Tuesday, March 20, 2012

The Occupation of Beaufort, North Carolina

This weekend marks the 150th anniversary of the Union occupation of the port town of Beaufort, NC. As part of the Burnside Expedition, the occupation of this little town was of vital importance to the U.S. Navy's blockading efforts. Having already captured Roanoke Island and New Bern, the Federal forces began their push toward the coast and the protector of Beaufort Harbor, Fort Macon. Arriving at Beaufort in the pre-dawn hours of March 25, 1862 they found the town devoid of any Confederate forces. The town was occupied peacefully before most of the inhabitants were even awake. After the capitulation of Fort Macon a few weeks later, Beaufort became an important station for the North Atlantic Blockading Squadron. For more on the town's role as such, see Dan Blair's article "One Good Port."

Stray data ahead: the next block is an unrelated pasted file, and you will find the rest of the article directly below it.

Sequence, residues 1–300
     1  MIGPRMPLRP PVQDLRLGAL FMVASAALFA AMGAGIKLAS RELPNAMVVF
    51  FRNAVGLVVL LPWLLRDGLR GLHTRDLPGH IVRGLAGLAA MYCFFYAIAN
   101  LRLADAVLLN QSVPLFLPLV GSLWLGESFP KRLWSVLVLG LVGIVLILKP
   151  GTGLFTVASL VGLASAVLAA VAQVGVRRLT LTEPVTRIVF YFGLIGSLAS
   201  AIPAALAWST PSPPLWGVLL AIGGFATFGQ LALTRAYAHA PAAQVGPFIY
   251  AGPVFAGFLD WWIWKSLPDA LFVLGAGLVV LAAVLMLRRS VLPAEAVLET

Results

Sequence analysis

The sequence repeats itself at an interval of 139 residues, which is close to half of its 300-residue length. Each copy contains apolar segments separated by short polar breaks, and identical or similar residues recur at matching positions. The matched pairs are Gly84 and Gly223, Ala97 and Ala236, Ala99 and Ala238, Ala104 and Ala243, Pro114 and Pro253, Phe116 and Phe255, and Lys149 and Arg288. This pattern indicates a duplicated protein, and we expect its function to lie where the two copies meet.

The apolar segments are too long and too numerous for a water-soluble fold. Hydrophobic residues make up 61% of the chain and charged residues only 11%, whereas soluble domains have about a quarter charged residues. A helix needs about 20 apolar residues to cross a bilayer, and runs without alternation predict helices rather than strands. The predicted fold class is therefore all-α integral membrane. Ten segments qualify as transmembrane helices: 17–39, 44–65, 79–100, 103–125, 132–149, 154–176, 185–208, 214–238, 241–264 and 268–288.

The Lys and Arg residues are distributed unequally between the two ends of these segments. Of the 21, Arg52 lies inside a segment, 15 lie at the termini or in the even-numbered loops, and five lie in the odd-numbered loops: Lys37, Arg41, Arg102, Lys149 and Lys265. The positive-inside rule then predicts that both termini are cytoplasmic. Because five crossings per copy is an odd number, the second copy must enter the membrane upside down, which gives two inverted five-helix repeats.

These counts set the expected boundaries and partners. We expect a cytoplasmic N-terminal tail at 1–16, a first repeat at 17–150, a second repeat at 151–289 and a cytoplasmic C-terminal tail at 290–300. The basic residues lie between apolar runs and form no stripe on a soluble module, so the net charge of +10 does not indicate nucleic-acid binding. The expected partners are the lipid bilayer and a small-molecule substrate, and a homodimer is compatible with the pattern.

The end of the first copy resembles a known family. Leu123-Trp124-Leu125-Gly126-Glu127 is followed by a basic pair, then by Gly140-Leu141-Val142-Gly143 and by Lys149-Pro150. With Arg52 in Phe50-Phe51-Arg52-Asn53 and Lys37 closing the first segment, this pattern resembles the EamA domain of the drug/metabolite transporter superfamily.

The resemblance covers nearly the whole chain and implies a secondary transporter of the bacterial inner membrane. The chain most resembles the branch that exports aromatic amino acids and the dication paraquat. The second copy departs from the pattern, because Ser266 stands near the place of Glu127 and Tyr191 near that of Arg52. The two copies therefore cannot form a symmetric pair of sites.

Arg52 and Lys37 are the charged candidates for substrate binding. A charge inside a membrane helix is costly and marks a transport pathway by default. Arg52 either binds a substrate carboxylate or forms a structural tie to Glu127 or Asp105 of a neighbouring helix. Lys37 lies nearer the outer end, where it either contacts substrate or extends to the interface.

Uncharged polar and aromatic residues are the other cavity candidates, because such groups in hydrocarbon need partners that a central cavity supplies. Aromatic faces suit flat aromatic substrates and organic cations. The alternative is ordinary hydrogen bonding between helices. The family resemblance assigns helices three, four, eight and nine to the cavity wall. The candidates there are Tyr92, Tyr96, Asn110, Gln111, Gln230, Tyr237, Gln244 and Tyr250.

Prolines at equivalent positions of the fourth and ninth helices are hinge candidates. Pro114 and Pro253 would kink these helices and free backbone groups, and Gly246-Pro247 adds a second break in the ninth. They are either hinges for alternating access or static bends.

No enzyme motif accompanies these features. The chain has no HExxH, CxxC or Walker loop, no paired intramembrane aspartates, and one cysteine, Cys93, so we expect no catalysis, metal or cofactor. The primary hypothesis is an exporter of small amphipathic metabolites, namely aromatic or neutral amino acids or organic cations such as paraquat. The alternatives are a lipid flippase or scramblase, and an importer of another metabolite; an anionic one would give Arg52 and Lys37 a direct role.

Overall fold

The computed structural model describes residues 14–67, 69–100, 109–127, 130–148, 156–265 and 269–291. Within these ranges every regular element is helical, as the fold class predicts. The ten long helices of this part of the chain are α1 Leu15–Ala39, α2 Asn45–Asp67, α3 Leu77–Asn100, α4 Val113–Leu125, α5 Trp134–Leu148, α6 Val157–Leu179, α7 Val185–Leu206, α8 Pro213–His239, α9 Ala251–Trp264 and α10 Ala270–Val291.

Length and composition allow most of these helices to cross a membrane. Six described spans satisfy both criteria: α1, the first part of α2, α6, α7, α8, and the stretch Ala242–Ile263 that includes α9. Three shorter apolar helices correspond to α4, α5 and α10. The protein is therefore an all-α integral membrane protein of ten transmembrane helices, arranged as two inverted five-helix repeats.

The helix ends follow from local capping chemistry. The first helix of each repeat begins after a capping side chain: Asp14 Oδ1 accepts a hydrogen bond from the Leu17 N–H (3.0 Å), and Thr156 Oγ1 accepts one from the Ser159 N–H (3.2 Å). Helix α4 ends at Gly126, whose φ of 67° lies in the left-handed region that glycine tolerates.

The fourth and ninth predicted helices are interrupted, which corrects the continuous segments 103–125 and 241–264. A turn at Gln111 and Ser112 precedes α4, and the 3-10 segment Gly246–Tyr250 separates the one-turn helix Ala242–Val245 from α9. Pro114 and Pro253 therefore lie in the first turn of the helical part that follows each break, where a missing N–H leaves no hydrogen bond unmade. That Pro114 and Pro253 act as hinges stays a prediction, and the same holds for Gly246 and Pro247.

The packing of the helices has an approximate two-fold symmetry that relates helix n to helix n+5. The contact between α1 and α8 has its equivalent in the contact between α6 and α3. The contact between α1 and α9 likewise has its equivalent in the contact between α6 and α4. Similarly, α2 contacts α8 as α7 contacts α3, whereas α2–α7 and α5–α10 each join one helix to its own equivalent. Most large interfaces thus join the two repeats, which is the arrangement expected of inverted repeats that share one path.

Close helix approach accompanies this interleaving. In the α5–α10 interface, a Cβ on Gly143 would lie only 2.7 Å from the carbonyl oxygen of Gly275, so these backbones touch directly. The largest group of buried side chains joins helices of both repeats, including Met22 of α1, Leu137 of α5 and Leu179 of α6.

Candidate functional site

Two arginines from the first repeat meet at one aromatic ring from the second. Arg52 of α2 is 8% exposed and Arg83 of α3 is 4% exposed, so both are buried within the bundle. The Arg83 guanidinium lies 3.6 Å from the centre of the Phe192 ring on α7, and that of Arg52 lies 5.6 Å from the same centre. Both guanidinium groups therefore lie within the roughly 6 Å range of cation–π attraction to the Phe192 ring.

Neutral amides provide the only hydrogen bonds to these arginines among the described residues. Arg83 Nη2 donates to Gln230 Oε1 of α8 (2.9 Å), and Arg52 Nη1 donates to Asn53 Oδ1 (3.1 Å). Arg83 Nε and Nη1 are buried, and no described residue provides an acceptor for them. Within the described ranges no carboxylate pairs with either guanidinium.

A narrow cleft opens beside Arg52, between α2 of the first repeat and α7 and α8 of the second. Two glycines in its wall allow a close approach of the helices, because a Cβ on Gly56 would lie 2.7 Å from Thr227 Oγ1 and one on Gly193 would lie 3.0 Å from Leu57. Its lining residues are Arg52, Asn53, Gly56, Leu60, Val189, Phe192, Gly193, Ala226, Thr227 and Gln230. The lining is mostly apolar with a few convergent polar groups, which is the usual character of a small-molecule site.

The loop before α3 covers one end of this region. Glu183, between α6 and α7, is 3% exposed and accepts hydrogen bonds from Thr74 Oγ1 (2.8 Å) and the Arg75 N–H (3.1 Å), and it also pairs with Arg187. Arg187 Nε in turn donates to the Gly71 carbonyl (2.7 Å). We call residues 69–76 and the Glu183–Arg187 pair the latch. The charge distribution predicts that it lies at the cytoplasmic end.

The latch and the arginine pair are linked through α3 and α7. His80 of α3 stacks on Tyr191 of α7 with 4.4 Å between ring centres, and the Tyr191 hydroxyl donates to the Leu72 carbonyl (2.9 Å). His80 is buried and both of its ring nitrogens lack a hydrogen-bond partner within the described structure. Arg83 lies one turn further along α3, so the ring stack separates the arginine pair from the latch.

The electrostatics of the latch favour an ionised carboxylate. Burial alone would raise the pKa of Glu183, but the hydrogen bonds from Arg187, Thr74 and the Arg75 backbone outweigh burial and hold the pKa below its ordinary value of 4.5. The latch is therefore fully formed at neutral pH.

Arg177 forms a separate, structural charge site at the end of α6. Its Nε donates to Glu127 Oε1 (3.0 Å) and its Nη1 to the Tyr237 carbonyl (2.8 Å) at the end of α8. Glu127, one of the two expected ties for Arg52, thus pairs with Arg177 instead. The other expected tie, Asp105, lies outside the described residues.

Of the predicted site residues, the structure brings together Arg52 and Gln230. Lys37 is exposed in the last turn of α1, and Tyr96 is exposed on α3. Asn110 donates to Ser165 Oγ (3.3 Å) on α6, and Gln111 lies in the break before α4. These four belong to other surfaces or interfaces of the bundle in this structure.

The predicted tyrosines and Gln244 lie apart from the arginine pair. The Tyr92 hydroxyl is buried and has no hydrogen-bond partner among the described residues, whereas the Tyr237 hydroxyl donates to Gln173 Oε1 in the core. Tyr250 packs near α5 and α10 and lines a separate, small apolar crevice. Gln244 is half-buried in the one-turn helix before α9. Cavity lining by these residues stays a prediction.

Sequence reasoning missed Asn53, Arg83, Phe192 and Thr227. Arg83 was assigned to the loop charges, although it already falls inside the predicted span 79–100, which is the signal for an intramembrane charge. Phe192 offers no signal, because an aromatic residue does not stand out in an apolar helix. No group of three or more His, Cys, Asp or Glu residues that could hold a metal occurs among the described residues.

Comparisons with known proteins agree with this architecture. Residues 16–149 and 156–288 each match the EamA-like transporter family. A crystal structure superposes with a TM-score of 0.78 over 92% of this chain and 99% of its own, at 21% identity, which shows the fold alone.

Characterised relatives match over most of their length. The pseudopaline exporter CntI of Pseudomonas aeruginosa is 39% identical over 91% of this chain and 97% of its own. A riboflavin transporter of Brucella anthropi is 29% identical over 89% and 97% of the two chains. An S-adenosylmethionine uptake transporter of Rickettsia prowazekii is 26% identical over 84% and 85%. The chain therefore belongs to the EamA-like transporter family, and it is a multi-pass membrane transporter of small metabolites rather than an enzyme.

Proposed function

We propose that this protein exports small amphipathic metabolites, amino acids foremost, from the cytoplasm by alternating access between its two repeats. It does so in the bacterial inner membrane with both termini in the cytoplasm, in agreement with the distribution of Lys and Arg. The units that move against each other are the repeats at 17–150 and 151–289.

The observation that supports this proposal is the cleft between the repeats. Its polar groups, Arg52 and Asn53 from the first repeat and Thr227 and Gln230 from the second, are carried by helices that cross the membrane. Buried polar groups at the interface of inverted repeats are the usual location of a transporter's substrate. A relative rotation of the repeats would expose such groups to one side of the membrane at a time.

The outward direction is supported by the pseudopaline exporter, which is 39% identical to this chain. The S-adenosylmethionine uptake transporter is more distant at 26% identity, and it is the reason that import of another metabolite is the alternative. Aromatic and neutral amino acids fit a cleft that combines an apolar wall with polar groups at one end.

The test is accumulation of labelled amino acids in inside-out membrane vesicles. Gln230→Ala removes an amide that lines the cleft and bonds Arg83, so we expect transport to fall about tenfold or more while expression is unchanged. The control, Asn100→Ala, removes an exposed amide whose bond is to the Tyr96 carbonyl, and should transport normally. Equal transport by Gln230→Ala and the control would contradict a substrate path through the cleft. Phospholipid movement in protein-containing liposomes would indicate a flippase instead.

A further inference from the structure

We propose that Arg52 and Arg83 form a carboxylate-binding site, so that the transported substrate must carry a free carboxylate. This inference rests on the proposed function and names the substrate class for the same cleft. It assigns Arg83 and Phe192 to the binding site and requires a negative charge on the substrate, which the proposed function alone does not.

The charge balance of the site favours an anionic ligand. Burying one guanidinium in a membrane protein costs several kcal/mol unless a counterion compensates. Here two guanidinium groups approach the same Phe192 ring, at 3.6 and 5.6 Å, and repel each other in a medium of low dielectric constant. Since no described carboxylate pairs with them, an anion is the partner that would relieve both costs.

To commemmorate the occupation of Beaufort, the North Carolina Maritime Museum, along with other local historical organizations will host a weekend of activities this weekend centered around a living history program. Union infantry will occupy the grounds of the Beaufort Historical Association, artillery will perform demonstrations at a waterfront park, and sailors will take over the boat building facility at the Maritime Museum. An evening artillery demonstration will also take place at Fort Macon State Park on Saturday evening. For more information contact the NC Maritime Museum or visit their website.

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